In what was once an old olive press hidden away in the village of Biot in the south of France, Scottish textile artist Holly Springham now creates her experimental paintings. Taking elements of screen-printing, photography, appliqué, dyeing, drawing and painting, Springham produces paintings that refuse to settle into a single category.
Having originally studied Textiles and Fashion Design Management in the UK, Springham went on travel the world, which she credits as a big influence on her eclectic approach her craft. Settling in France, she found her flow in this highly unusual studio, where she uses a squeegee to layer up colour and pattern on her large-scale canvases, often incorporating textiles to enrich their surfaces.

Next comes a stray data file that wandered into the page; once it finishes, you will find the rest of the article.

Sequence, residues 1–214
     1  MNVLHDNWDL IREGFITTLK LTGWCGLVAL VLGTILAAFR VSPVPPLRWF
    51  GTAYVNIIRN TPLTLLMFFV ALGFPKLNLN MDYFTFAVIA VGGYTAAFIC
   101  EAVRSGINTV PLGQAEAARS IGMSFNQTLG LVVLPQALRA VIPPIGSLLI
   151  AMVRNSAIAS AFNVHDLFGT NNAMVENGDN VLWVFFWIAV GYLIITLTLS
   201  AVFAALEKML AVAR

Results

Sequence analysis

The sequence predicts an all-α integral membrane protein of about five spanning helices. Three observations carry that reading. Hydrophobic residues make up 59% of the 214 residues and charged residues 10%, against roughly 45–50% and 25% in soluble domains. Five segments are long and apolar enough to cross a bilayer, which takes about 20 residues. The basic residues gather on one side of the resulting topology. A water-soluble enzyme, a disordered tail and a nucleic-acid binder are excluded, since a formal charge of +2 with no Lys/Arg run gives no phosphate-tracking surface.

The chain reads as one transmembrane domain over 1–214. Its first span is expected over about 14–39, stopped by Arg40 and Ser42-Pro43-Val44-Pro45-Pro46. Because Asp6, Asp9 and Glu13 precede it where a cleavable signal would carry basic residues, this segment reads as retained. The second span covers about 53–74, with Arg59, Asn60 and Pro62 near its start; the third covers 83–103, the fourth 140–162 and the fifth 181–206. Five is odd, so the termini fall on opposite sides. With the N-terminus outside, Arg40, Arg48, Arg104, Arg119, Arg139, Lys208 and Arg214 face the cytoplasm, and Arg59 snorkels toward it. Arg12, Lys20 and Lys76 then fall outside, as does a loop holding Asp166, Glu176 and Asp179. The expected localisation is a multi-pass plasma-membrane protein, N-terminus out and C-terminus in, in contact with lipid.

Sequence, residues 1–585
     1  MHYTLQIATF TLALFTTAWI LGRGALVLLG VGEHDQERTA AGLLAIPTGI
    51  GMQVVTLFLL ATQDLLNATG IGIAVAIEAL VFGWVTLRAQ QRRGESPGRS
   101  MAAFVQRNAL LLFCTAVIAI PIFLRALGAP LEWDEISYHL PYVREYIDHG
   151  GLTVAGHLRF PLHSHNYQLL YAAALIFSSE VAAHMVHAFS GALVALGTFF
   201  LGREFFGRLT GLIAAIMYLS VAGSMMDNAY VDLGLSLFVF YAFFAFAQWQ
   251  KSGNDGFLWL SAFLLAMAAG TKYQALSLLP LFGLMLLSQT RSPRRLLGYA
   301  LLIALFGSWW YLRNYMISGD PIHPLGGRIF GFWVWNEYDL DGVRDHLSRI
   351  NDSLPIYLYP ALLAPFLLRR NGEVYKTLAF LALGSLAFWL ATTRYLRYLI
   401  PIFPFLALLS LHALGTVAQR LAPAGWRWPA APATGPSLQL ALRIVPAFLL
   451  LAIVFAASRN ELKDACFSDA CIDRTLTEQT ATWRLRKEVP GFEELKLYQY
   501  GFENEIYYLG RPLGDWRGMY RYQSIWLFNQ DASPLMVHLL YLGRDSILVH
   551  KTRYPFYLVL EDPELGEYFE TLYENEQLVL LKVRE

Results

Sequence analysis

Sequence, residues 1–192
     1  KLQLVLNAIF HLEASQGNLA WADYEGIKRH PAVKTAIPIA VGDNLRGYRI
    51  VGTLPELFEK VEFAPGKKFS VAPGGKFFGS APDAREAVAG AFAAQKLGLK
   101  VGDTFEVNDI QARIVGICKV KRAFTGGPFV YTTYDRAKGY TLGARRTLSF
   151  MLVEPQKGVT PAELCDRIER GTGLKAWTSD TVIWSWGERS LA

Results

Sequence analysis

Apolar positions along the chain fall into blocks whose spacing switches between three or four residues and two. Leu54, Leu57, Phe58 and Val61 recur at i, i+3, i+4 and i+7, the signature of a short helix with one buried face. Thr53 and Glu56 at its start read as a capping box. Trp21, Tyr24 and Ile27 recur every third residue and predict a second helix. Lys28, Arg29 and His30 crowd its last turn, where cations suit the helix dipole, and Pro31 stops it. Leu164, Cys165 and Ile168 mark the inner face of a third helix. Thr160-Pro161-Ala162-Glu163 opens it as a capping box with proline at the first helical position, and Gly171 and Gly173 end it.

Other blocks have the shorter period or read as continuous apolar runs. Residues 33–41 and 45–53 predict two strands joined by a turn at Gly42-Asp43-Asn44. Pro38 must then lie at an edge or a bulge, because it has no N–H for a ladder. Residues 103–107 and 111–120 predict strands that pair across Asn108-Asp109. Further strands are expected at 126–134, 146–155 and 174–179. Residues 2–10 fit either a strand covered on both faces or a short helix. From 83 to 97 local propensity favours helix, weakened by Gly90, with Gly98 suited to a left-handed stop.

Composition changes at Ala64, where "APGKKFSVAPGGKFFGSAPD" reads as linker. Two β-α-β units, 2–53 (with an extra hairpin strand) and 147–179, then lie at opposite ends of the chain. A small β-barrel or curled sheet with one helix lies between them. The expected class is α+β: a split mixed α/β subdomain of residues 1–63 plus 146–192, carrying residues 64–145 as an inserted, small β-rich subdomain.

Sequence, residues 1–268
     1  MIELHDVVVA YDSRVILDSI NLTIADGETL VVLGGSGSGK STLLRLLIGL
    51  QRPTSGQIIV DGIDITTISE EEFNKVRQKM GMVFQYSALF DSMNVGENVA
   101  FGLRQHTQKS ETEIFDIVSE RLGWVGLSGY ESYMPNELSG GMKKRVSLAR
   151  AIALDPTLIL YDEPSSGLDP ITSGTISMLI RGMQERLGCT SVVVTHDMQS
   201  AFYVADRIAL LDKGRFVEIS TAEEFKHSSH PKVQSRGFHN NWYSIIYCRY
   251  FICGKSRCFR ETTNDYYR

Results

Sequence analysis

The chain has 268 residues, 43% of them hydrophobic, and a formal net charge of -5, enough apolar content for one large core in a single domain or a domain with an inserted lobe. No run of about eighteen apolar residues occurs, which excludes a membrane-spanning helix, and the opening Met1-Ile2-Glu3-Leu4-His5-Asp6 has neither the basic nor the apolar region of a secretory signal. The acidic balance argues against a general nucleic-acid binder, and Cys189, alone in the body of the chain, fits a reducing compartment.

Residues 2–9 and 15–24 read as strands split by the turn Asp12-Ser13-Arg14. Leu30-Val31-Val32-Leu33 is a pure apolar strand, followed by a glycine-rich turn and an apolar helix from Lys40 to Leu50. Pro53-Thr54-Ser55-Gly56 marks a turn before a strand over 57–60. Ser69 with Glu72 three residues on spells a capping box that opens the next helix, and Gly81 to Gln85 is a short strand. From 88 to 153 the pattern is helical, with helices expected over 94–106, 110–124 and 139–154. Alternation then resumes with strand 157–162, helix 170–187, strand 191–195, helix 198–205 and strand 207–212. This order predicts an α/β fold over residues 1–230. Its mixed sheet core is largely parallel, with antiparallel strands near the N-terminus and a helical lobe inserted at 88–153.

Springham’s studio is, without a doubt, exceptionally rare. 200 years old, this olive press was refitted only 40 years ago to replace missing or broken parts. Historically, this equipment was once operated by one unfortunate donkey who would turn the moulin and rock plate to press the olives. Thankfully today the sole use of this space is dedicated to creativity. The only one of its kind in the village of Biot, it’s a suitable fit for Springham’s unusual practice, where she continues to push her craft to its limit.